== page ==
Skip to content

Tim Bonner: Science deniers proven wrong over badger cull

At the end of last month a major study was published on which looked at the effectiveness of the badger control policy (BCP), or culling as it is more widely known, in reducing Bovine TB. The research took in data from 52 cull areas and the results were conclusive: “The herd incidence rate of TB reduced by 56% (95% Confidence Interval 41–69%) up to the fourth year of BCP interventions”. Put simply, culling has worked.

The results are a complete vindication of the organisations, vets and scientists who argued for the cull, the Ministers who authorised it, and the farmers, keepers and wildlife managers who carried it out. My primary interest is not, however, the efficacy of badger culling in tackling the scourge of Bovine TB, which others are far more qualified to deal with, but the politics and PR of an issue which has raged across the media and parliament for well over a decade.

There are any number of individuals and organisations who issued apocalyptic warnings about the practical and political consequences of the cull who should now be issuing grovelling apologies. I am not talking about those who raised reasonable questions or concerns, but the very many who took an extreme, anti-science position and who fomented anger and unlawful behaviour.

High on the list, as ever, is Chris Packham who welcomed the start of culling in 2013 with the claim that those involved were “brutalist thugs, liars and frauds”. Close behind was Dominic Dyer, accomplished bandwagon jumper and previously Chief Executive of the Badger Trust, who wrote of the “incompetence, negligence and deceit at the heart of the badger cull policy” and predicted that politicians who supported the policy would face electoral Armageddon. Extraordinarily, the Liberal Democrat party has recently selected Dyer as a parliamentary candidate which will worry many voters in the sort of rural constituencies which the Lib Dems will be targeting at the General Election.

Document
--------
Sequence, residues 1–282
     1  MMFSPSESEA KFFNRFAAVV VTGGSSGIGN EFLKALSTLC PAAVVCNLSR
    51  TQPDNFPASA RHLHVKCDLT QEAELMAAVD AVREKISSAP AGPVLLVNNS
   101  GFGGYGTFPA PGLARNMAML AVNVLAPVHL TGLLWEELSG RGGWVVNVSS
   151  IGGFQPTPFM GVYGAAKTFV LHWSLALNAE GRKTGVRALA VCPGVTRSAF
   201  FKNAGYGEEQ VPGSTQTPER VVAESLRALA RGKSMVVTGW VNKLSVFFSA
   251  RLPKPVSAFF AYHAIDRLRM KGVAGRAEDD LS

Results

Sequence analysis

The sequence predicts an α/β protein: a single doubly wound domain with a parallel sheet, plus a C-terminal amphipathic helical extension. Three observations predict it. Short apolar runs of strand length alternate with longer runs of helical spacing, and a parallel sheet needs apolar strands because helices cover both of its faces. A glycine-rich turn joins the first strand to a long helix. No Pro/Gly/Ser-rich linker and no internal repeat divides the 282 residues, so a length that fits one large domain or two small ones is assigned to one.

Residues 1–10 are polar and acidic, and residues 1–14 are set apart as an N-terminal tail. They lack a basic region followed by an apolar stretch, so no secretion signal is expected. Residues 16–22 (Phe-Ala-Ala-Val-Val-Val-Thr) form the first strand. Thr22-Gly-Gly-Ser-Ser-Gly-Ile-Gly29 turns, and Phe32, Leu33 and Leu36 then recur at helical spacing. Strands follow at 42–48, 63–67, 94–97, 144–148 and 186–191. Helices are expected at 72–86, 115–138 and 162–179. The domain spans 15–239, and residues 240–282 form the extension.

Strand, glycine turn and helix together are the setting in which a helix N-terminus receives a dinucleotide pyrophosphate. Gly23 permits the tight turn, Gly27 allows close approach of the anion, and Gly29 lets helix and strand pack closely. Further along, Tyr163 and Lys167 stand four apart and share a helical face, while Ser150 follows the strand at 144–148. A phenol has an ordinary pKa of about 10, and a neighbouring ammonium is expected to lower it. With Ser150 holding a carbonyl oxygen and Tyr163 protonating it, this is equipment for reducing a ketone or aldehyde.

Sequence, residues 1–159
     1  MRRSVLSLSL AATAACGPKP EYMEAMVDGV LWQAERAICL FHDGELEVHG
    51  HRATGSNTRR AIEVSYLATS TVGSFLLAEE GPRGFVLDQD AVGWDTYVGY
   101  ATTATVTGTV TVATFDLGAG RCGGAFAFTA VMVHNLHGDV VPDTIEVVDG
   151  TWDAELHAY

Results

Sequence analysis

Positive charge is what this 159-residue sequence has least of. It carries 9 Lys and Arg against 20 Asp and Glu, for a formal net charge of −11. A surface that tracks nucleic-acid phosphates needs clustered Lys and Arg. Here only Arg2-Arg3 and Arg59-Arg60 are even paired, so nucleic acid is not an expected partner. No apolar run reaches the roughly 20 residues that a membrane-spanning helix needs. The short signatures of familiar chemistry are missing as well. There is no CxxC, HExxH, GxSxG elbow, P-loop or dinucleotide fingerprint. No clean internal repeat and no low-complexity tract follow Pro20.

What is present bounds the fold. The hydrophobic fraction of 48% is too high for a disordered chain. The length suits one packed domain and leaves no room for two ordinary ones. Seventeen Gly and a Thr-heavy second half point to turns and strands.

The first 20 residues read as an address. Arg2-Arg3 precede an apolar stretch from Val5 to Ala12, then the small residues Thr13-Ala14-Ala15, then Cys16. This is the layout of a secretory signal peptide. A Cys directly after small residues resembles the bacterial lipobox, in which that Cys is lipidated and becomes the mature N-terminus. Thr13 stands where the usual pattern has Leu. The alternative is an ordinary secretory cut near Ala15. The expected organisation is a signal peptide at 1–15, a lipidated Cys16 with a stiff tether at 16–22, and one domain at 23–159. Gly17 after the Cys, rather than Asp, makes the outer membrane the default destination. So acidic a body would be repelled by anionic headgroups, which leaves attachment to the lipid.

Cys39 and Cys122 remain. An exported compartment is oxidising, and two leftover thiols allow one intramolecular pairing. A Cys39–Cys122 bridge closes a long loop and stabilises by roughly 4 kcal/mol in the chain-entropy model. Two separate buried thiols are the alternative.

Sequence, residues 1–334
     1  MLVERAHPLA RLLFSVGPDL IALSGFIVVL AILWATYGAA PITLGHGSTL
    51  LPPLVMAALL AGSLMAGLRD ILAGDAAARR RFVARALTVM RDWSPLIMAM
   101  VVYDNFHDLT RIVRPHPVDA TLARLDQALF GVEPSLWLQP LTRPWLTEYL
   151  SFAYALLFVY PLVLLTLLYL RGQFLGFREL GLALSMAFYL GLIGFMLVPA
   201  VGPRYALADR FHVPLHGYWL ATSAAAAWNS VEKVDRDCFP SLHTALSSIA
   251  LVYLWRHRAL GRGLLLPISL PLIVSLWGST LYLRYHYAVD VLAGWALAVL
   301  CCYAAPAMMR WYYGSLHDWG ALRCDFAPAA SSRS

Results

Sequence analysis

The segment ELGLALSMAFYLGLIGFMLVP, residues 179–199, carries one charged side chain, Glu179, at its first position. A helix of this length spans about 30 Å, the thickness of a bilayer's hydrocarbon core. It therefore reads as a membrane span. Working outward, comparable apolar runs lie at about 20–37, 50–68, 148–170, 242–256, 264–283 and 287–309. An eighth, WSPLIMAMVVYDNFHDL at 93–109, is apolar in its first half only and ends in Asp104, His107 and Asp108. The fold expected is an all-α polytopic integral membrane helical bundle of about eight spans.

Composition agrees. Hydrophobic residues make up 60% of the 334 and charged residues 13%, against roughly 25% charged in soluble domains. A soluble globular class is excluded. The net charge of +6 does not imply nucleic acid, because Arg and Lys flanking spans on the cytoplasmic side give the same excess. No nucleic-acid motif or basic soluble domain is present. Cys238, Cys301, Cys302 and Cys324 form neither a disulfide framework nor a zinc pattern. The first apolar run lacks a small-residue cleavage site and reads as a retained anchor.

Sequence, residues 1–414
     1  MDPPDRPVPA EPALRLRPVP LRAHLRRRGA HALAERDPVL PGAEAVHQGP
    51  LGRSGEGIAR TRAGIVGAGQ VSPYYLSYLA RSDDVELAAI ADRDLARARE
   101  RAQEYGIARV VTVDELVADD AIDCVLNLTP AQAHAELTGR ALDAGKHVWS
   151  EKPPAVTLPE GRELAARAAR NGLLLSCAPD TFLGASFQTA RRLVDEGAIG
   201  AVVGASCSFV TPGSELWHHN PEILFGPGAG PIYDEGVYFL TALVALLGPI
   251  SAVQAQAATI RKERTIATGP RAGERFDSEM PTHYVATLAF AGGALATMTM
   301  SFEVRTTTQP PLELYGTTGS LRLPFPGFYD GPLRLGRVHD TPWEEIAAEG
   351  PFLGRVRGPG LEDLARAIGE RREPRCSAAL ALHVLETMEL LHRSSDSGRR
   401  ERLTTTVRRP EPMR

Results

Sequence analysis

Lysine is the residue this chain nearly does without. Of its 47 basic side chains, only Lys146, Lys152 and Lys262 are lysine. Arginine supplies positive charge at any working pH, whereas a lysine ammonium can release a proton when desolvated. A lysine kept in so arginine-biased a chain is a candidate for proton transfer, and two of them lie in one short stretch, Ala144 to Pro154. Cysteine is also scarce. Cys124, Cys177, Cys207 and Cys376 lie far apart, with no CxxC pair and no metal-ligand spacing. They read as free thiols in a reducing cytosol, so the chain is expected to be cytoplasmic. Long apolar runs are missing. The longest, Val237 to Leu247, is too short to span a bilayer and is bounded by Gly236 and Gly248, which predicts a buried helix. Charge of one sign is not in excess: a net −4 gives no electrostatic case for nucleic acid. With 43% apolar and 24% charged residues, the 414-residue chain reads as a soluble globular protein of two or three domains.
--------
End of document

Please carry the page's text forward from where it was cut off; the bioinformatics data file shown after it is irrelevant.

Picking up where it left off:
Meanwhile, in the parliamentary debate on the cull, Tory MP Tracey Crouch, who has been consistently wrong on animal rights issues, called the policy “barbaric, indiscriminate and ill-thought through.” What stands out most from the coverage of time is how heavily opponents of the cull relied on public opinion. RSPCA Chief Executive, Gavin Grant, said that the cull “flies in the face of scientific and public opinion”, whilst then Labour MP, Chris Williamson, said it would “enrage” the public.

The policy was passed under the Conservative/ Lib Dem coalition. The Conservative Party was returned with a majority in 2015 and has won two subsequent elections whilst the cull has been ongoing. If any voters have been motivated to vote against the party which initiated the cull they certainly seem to have been few and far between.

As for the apologies from the charities, campaigners and even scientists who were not only wrong, but who wilfully whipped up hatred and dissent, they are unsurprisingly absent. The first rule of the animal rights movement is that you can never be wrong because the public love animals. The fact that you deny science, subvert logic and actually promote animal suffering does not matter as well as you can produce a poll that says people agree with you.

Become a member

Join the Countryside Alliance

We are the most effective campaigning organisation in the countryside.

  • life Protect our way of life
  • news Access our latest news
  • insurance Benefit from insurance cover
  • magazine Receive our magazine